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SLAVOV v. MARRIOTT INT'L

January 6, 1998

SLAVHO K. SLAVOV, Plaintiff,
v.
MARRIOTT INTERNATIONAL, INC., Defendant.



The opinion of the court was delivered by: NORGLE

 CHARLES R. NORGLE, SR., District Judge:

 Before the court is Defendant's Motion to Dismiss Plaintiff's Amended Complaint pursuant to Federal Rules of Civil Procedure 12(b)(1), (5), and (6). *fn1" For the following reasons, Defendant's motion is granted.

 I. BACKGROUND

 In August 1993, Plaintiff Slavho K. Slavov ("Slavov") was hired by Defendant Marriott International, Inc. ("Marriott") as a utility recyclist. On July 18, 1995, Slavov was terminated. Marriott informed Slavov that he was being discharged from his position for "insubordination and refusal to do an assigned task." (Def.'s Mot. Dismiss, Ex. B)

 On January 16, 1996, Slavov filed a discrimination charge with the Equal Employment Opportunity Commission ("EEOC"), claiming that his national origin, Bulgarian, served as the true basis for his discharge. Although the EEOC was unable to conclude that Marriott violated Title VII of 42 U.S.C. § 2000(e) et seq., it issued a right to sue letter on June 28, 1996.

 On September 17, 1996, Slavov filed a pro se complaint in the federal district court, alleging a Title VII violation and the intentional infliction of emotional distress. The gravamen of Slavov's federal action is that Marriott required him "to perform the job responsibilities of his position as well as well as two ground keeper [positions] during the working day."

 Two days later, on September 17, 1996, Slavov filed a handwritten complaint in state court, consisting of the following paragraph:

 
The reason I am filing this complaint is because I believe I was harassed and wrongfully discharged by Marriott International, Inc. I was forced by one of my supervisors and the Director of the Engineering Department to do other peoples jobs, even in extreme weather. Because I could not do two job positions, I was discharged and my unemployment was denied. I also was harrassed [sic] by one of the security guards on the day I was discharged.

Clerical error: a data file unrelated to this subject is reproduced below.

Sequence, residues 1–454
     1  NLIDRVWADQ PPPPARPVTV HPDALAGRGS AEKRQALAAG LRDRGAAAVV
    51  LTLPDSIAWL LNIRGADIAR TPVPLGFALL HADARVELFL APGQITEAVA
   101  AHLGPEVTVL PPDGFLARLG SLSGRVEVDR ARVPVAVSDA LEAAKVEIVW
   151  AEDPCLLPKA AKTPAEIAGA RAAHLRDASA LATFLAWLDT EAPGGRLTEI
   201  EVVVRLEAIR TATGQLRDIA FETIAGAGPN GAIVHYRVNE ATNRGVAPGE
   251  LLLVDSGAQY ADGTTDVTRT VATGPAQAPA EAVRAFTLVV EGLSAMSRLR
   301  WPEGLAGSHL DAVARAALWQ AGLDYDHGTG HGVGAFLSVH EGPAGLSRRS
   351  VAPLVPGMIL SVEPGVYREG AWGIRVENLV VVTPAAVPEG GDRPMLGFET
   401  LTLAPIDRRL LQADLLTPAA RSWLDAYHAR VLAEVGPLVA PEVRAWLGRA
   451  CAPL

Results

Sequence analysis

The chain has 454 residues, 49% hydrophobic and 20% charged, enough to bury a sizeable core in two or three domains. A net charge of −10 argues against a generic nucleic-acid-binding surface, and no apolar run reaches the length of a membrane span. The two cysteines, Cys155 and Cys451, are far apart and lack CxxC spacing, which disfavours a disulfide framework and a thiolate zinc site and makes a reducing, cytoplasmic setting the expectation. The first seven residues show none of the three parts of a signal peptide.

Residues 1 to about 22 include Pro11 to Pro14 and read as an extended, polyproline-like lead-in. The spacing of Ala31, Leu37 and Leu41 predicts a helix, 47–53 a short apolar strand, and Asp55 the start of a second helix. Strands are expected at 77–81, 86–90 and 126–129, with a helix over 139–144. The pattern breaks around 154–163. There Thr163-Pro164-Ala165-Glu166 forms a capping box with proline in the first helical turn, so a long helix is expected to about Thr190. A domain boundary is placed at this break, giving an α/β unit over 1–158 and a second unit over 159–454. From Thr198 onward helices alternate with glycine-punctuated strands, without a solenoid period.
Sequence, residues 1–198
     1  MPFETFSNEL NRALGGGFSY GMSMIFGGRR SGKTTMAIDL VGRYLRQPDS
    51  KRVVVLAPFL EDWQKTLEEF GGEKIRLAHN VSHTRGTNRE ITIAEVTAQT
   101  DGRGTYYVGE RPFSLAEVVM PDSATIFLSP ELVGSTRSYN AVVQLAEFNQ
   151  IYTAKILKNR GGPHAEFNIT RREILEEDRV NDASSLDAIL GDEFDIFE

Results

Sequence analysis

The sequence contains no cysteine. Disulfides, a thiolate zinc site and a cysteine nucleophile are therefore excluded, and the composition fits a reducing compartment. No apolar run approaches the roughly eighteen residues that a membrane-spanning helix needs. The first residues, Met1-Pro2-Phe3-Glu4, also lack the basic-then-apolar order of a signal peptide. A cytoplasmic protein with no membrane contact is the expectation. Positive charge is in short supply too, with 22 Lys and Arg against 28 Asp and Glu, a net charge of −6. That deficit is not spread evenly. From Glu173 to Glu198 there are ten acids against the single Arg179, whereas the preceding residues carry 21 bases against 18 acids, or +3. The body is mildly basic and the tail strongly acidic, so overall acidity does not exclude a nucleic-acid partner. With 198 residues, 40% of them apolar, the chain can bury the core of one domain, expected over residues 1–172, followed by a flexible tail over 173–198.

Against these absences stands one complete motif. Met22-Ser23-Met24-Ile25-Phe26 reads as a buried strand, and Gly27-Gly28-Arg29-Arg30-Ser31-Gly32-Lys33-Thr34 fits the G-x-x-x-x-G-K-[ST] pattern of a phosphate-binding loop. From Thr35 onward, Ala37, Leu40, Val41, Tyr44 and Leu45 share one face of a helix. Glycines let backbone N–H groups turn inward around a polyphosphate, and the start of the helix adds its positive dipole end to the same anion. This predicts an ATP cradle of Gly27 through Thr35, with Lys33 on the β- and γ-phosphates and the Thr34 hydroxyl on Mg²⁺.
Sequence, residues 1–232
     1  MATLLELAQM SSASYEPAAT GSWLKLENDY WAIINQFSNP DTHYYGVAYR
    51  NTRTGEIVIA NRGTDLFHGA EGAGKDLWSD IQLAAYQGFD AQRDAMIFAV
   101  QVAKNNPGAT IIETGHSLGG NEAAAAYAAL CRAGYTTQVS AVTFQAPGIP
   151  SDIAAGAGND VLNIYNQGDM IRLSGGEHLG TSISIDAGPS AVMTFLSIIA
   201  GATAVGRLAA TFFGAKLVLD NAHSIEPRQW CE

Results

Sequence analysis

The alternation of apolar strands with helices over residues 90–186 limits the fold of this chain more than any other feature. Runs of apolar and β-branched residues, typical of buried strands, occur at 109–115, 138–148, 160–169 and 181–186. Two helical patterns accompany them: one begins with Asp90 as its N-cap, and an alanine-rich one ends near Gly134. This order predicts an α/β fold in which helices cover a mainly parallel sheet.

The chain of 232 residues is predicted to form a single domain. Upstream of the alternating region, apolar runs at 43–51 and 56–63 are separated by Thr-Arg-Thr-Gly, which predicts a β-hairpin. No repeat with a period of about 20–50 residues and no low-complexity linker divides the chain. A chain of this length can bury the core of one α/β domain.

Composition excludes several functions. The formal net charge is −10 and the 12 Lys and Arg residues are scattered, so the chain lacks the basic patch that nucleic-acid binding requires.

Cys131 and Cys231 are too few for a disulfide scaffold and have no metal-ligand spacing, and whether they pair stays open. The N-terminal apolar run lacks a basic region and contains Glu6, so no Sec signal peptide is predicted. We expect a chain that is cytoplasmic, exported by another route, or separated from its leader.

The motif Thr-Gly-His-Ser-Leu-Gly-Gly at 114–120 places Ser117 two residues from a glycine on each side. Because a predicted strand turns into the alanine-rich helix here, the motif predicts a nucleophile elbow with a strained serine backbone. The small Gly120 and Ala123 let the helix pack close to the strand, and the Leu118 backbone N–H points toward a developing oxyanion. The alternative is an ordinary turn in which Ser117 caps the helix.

On November 22, 1996, Marriott filed a Motion to Dismiss Slavov's state court complaint pursuant to 735 ILCS § 5/2-615. On March 10, 1997, the state court summarily granted Marriott's motion. Slavov did not appeal the state court's order.

 In a June 12, 1997 missive, the United States Marshall Service for the Northern District of Illinois informed Slavov that his federal complaint was never served because Slavov failed to execute a "USM-285" form. Slavov, who was appointed counsel by this time, informed his attorney of the omission. Thus, on July 22, 1997, ten months after the complaint was originally filed, Marriott was served.

 On August 8, 1997, Slavov amended his federal complaint, abandoning the intentional infliction of emotional distress claim but realleging the Title VII violation. On September 2, 1997, Marriott filed the instant motion, claiming that Slavov's Amended Complaint must be dismissed on jurisdictional grounds because: (1) service of process was not executed within 120 days, (2) the Amended Complaint exceeds the scope of the EEOC charge, and (3) the doctrine of res judicata precludes federal review.

 II. DISCUSSION

 Marriott argues that Slavov's failure to comply with the service of process time limitations in the Federal Rules of Civil Procedure requires dismissal of the Amended Complaint. Further, Marriott asserts that Slavov cannot show good ...


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